As parents we face the awesome task of attempting to raise well-adjusted and happy children. As parents of twins, triplets, quads or more we face a doubly monumental task. Many of the issues experienced in bringing up twins are amplified. However, there are those issues particular to bringing up of twins.
Particularly in the first year of your children’s birth the parents feels guilty that they are unable to offer the twins the attention that they require. they simply runs short of time and energy due to the huge physical demands made by the twins on the parents.
These parents need wherever possible to ask for support from family or friends or in the community.
The Mother of twins often feels resentful that her every waking hour is used to satisfy the demands of her children. The father frequently feels neglected because his wife is giving every last ounce of her time and energy to the twins.
It is essential that these Mothers and Fathers can take a small patch of time just for themselves each day just to relax and catch their breath. As a couple they too need time out to reconnect with each other.
When the twins are older, the parents often feel guilty that they are not using every minute that the twins are awake to stimulate them.
The truth is that the twins like all children need time alone where they are not stimulated but where they have space for relaxation and creativity.
Parents of twins frequently find that the setting of limits or boundaries on the behaviour of their twins is an area of uncertainty or conflict between the parents. These parents have said that the twins present a mighty force with which to contend in the face of boundary-setting.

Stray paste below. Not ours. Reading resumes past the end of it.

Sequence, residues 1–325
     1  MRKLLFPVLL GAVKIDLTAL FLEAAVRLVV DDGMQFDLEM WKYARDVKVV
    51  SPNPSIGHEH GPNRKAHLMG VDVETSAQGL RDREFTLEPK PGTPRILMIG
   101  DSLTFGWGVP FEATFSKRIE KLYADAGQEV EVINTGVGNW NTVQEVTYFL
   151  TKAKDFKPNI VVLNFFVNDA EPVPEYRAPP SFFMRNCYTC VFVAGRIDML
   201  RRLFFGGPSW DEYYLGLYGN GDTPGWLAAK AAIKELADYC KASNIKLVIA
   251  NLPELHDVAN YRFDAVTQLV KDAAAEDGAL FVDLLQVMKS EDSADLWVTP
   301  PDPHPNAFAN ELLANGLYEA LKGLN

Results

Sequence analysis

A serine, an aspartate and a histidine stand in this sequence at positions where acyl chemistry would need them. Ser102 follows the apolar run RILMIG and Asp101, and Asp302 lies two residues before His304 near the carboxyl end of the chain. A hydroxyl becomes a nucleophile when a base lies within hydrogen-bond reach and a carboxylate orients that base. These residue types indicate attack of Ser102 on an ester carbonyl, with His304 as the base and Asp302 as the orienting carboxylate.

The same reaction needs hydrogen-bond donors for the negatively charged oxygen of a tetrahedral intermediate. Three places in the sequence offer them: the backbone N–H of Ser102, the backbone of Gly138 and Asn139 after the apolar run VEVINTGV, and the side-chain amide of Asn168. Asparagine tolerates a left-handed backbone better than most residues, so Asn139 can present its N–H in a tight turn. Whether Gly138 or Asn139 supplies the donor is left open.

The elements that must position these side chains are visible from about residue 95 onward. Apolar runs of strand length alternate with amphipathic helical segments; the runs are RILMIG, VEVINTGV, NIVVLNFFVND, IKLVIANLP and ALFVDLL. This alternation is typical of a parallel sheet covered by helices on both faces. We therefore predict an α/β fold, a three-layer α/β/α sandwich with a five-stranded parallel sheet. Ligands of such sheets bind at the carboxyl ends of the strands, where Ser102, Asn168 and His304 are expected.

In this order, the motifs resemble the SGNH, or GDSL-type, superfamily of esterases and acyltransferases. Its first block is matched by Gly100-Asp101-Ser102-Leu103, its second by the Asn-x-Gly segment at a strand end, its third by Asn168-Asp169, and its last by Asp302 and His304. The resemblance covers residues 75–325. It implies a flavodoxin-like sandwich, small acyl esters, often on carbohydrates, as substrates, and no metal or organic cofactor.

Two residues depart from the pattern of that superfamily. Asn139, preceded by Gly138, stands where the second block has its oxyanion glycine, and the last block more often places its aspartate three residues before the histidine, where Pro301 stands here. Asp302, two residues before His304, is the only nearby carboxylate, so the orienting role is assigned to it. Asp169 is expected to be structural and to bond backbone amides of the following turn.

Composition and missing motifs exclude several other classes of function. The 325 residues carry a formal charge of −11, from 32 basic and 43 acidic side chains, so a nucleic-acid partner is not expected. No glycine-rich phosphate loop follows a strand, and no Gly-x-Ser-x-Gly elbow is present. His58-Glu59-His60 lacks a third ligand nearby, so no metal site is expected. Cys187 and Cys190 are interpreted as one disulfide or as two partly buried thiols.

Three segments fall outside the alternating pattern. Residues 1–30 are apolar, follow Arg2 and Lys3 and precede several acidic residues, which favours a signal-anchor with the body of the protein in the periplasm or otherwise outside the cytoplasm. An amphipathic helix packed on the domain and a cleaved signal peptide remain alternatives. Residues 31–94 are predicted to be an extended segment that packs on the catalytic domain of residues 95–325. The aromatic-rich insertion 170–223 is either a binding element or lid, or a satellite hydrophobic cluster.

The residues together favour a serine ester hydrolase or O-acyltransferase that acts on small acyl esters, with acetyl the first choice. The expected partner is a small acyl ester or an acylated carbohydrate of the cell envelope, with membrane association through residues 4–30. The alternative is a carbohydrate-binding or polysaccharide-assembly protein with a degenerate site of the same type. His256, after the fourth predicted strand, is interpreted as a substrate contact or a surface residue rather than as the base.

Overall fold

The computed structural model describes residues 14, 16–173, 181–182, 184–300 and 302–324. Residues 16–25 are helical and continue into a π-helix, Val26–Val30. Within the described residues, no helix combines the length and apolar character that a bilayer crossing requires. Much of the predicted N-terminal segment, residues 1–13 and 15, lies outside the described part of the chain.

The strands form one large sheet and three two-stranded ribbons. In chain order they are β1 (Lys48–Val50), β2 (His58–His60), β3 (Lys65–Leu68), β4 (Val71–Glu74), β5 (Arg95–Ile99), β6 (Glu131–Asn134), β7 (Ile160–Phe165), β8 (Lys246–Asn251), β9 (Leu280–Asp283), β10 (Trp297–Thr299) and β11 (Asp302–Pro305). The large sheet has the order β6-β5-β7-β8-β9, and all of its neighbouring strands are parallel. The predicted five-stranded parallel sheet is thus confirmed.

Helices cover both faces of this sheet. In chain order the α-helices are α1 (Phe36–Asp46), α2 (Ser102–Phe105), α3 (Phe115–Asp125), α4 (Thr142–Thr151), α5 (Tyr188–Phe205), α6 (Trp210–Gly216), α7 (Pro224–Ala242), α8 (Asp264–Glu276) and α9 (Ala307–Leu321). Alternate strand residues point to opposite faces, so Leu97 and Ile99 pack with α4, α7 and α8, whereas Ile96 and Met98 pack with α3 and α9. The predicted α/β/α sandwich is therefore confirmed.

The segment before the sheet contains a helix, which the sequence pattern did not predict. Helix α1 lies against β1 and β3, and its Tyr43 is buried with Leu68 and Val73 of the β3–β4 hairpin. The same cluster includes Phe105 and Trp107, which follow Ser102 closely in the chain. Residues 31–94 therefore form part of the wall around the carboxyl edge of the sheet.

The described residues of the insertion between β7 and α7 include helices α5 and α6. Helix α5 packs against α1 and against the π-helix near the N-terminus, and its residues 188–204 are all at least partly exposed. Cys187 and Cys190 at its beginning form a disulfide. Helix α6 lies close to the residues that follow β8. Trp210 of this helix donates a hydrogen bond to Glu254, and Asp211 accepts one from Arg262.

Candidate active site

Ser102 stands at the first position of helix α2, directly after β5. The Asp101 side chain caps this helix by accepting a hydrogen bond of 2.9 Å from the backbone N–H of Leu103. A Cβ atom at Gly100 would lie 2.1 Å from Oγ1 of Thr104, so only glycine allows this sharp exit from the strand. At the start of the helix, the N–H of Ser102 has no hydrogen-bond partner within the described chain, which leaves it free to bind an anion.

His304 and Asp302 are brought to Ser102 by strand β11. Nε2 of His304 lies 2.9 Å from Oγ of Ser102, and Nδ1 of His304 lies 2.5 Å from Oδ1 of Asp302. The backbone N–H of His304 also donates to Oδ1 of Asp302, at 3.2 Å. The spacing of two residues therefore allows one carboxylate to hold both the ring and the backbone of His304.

Parents need to exercise extra effort, persistence and consistency in limit-setting.
A further issue is the feeling of some parents that their children will be damaged should they be punished.
The answer to that is that no child will feel happy to be punished. But will benefit from constructive limit setting by parents with long-term feelings of security and emotional maturity ensuing.
One question that parents of twins have is what if my child is hyperactive or is academically slower than their peers or if one seems to have difficulties and the other does not present with these?
It is important to treat twins as individuals with different needs, talents and vulnerabilities.
Do twins benefit from being in the same class at school or should they be separated into different classes?
My own sense is that the twins will benefit from being in separate classes from the start in that they will be developing here too as individuals.
In the same vein, parents ask if they should dress their same-sex twins in the same clothes or differently.
Again, I believe that the twins should be able to develop their own sense of dress and so should be allowed and encouraged to make decisions about what they would like to wear. And if that means they would like to dress alike, so be it.
So in conclusion, it appears that raising twins is an amplified version of raising single children. There are, however, those issues particular to raising of twins such as same or different classes at school, clothes to wear and much more. If these parents ensure that they engage as much support as they can from family, friends and from the community, they are most likely to raise mature, healthy and happy young people.
These parents too need to remember to give themselves as individuals care and attention and to give themselves as a couple the attention that they need to build a strong base and role models for their twins and perhaps other siblings to emulate.